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The use of food as a medium in my performances has developed to reinforce my position on the role of the artist as a social commentator and ethnographer of social customs. This sentiment is shared by artist Susan Hiller when she states, ‘I believe art can function as a critique of existing culture and a locus where futures not otherwise possible can begin to shape themselves’ (Lippard 1996, p.xiii). The ritual of cooking acts as a substitute for the artistic outcome signifies a shift away from my earlier focus on the production of art objects to ephemeral works that comment on process and action in real time. Baking for private and public performances is an activity that connects the artist, audience, and community, moving the concentration away from a solitary, studio-based practice to an interactive, public ceremony. The food performances generate a complex ritual. They are conducted in the spirit of food happenings created by members of the Fluxus movement who ‘demonstrate how an individual action and a collective ritual might extend and perpetuate into larger social configurations — those values and practices shared by the individual artists’ (Stiles 1993, p.93). The practices of artists associated with this group, constituted an ideology that recognises art’s capacity to acknowledge the processes of life as a strategy for revealing the function of human behaviour. These attitudes were disseminated by artists like Daniel Spoerri, Ben Vautier, Eric Andersen, Philip Corner, Alison Knowles and Valie Export whose food related performances capture the ethos of the Fluxus movement, ‘to redirect the use of materials and human ability into socially constructive purposes’ (Stiles 1993 p.67). This article will argue that staged food rituals, act as an entry point for discussion about urgent female social issues.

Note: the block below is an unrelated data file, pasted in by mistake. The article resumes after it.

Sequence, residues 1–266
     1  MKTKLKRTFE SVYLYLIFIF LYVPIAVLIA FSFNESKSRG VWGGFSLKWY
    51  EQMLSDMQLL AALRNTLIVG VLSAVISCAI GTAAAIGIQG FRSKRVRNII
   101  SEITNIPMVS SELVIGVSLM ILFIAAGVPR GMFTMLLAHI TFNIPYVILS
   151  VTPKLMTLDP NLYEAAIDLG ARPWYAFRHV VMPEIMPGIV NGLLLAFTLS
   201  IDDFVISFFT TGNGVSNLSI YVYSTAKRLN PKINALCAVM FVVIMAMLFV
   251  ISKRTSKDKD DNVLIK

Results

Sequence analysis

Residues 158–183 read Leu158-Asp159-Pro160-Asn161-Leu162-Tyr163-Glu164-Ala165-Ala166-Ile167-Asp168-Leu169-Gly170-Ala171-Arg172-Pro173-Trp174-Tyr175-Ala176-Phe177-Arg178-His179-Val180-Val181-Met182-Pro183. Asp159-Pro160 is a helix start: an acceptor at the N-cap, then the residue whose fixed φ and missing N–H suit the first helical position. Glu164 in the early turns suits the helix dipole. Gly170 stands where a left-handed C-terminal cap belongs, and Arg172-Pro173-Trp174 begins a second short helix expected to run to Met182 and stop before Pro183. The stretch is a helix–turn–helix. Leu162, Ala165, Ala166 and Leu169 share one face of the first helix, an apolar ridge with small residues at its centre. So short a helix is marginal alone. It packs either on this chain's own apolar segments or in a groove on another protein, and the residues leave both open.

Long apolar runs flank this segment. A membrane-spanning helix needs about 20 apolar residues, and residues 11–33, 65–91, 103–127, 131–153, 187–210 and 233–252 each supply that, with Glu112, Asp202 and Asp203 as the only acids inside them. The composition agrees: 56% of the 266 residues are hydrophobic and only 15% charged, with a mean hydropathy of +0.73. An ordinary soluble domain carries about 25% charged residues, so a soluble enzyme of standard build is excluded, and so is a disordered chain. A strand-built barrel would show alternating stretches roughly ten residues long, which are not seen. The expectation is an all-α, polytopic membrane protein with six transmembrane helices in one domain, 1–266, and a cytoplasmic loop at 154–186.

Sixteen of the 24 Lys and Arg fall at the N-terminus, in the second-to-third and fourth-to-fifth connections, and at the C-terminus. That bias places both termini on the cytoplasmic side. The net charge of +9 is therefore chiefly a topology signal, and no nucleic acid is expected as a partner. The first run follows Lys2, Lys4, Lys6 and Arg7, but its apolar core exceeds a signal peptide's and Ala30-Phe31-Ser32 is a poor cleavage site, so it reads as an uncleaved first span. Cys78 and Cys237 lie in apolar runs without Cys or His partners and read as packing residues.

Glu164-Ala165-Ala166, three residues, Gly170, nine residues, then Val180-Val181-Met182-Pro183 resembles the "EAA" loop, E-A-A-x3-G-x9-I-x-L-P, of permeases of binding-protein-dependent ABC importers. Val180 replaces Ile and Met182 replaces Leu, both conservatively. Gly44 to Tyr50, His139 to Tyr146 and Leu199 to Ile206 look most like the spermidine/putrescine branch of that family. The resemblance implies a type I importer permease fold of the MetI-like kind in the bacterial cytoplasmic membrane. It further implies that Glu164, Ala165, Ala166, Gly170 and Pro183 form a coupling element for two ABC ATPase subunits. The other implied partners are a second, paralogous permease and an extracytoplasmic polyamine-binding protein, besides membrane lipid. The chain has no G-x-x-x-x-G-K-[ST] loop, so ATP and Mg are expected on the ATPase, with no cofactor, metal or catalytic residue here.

School of Arts

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Open Access Journal Article

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Open Access